Selected further recent developments:
     

     

     

    June 2016

     

    • Although cybersecurity is one of the most urgent issues of our time, the resulting impact of a cyber incident is still largely unproven. Recognising the need of business leaders to have clarity around the enterprise-wide effect of such events, Deloitte Advisory released 'Beneath the surface of a cyberattack: A deeper look at business impacts,' a risk-based report outlining the depth and duration of cyber incidents in financial terms.

     

    • EY's Investigation and Dispute Services launched a defence and remediation tool named Radar 360 in order to defend financial loss disruption and breach of confidential data due to malware attack from cyber criminals.

     

     

    • Cybersecurity is the number one technology issue in the C-suite and boardroom. No wonder that many senior executives are asking what they can be doing to stem the tide of cyber-attacks on their firms. The Economist Intelligence Unit, sponsored by Oracle, surveyed a global panel of senior executives with responsibility for cyber-security in their organisations.  While virtually all of the companies reported net increases in cyber-breaches, the research identified a subset that had succeeded in reducing their rate of growth by more than half (from 21.1% to 9.8%, or a 53% reduction) over a two year period. 

     

     

     

     

     

     

     

     

    What Happened? - Responsibility

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    Please see below pre-2016 intelligence about responsibility. This is a synthesis of major recent developments at corporates, business schools, thinktanks, media, commentators, and other key influencers.

     

     

    December 2015

     

    • In 'Social Saints, Fiscal Fiends', The Economist argued that the CEO school of corporate responsibility has something going for it. Such bosses are right to argue that a business’s main contribution to society is to provide jobs and income. They are also right to argue for tax harmonisation: America has only itself to blame if firms revolt against its high corporate-tax rate. But they should recognise that there is a big difference between moving to a place like Ireland because it has made a more sensible trade-off between collecting taxes and promoting business, and indulging in contortions such as the “Double Irish with a Dutch Sandwich”, whose only aim is to avoid paying taxes anywhere. They also need to recognise that there is a big difference between worrying that government is inefficient and pretending that it is irrelevant, and thus that contributing to its upkeep is unnecessary.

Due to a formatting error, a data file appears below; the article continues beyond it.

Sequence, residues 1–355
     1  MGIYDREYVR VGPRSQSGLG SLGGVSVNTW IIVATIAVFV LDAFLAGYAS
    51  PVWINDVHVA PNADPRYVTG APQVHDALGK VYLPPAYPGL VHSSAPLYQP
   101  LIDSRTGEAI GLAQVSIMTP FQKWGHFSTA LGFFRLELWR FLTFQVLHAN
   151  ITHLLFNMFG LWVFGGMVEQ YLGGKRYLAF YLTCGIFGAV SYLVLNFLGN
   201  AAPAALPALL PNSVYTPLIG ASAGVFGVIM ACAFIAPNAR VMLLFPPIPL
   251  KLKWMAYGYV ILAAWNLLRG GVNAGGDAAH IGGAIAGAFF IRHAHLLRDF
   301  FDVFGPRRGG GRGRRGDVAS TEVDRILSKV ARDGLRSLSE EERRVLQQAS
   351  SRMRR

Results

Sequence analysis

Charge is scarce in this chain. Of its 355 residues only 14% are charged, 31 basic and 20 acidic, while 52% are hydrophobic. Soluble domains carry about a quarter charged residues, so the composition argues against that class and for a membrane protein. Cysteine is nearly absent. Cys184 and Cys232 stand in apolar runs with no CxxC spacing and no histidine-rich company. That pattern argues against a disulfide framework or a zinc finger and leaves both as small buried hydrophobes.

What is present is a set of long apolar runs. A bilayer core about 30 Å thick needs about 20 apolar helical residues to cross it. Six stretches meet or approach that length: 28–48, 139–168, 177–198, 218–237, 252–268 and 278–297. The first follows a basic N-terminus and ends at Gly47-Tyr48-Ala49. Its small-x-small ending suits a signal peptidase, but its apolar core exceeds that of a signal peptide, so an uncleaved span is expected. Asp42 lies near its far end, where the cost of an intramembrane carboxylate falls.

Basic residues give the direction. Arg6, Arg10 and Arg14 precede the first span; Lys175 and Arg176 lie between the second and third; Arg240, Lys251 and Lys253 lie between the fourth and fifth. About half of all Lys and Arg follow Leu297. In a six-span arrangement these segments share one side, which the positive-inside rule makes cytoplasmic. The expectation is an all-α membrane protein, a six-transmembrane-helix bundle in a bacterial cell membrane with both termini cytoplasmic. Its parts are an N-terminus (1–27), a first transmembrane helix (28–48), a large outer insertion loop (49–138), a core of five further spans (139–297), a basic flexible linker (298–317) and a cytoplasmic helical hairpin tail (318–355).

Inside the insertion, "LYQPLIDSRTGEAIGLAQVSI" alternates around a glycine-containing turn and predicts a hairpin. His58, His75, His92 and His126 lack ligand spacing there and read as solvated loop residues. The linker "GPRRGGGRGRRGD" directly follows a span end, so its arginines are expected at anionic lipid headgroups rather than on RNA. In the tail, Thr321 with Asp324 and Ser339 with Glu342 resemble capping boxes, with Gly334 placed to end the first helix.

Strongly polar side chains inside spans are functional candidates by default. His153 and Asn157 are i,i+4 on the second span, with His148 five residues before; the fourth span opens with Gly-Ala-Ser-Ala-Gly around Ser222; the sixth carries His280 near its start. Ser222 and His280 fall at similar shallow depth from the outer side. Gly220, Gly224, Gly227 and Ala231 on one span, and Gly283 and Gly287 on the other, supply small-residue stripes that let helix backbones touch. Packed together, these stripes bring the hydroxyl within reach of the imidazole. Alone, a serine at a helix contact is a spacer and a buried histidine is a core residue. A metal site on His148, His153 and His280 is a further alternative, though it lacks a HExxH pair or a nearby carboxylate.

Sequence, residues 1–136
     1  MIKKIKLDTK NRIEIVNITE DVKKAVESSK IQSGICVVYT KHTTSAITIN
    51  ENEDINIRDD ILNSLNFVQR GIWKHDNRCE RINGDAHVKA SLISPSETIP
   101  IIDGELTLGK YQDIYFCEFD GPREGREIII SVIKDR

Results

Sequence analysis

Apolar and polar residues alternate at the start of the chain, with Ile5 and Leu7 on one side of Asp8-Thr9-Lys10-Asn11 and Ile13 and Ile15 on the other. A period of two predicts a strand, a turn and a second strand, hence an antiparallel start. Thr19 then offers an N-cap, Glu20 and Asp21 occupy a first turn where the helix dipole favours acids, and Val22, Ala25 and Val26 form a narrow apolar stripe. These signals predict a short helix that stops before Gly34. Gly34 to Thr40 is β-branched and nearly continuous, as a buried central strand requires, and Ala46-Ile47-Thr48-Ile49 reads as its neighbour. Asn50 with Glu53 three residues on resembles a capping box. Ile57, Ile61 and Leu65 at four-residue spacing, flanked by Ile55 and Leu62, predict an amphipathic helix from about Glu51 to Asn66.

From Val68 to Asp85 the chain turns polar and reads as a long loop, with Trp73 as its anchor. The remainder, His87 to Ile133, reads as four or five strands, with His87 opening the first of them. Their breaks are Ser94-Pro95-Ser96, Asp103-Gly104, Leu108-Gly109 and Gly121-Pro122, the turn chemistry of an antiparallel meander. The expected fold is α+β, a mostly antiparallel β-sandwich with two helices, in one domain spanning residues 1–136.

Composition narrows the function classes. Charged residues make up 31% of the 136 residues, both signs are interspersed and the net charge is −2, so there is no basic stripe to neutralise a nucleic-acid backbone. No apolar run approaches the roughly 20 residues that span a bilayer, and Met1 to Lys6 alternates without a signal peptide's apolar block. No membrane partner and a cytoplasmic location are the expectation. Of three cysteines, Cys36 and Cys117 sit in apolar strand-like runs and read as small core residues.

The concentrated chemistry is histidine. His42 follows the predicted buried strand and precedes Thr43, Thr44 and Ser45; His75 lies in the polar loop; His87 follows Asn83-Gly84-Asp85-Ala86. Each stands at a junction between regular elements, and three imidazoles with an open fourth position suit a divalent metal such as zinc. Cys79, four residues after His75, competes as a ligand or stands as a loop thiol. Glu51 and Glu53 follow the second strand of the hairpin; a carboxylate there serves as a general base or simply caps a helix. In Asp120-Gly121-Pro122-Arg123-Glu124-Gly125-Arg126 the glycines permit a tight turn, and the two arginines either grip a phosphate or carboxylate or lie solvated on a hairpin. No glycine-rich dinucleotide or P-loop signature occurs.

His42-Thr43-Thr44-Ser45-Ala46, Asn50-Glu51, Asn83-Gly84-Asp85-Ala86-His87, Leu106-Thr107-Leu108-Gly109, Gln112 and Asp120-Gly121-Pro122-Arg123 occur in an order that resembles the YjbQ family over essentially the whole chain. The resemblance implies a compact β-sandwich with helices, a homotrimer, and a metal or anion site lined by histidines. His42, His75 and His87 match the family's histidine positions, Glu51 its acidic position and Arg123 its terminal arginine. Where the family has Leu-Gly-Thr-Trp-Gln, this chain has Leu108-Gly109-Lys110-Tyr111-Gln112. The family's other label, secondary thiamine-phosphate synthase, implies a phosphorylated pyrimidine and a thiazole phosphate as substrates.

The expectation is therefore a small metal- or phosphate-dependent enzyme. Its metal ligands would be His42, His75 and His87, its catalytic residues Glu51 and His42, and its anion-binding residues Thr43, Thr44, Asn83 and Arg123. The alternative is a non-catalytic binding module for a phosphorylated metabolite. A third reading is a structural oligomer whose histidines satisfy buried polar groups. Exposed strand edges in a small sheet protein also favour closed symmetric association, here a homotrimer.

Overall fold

• A company’s corporate social responsibility (CSR) activity is inevitably tied to its brand perception. Speaking at Marketing’s PR Asia 2015 conference, the director of communications & government affairs for Kimberly-Clark presented a case study on how a company can go beyond corporate "green-washing" to implement truly effective CSR policies that enhance corporate reputations. The company partnered with various NGOs to increase local participation for its CSR initiatives. This helped to forge a new, profitable and more sustainable business future for both Kimberly-Clark and the communities that it has adopted as part of its CSR drive.

     

     

    • However, VW was also a global leader in CSR. Its annual report was packed full of lovingly described projects it backed and charities it supported. It was a “thought leader” on dozens of different weighty issues, and a “change agent” for improving society. Globally, it was ranked as the 11th best company in the world for its corporate social responsibility work.

     

     

     

     

    What's Happening? - Economics

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    2016

     

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    What's Happening? - Demographic Change

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    2016

     

    October

     

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    What's Happening? - Society

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    2016

     

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    What's Happening? - Technology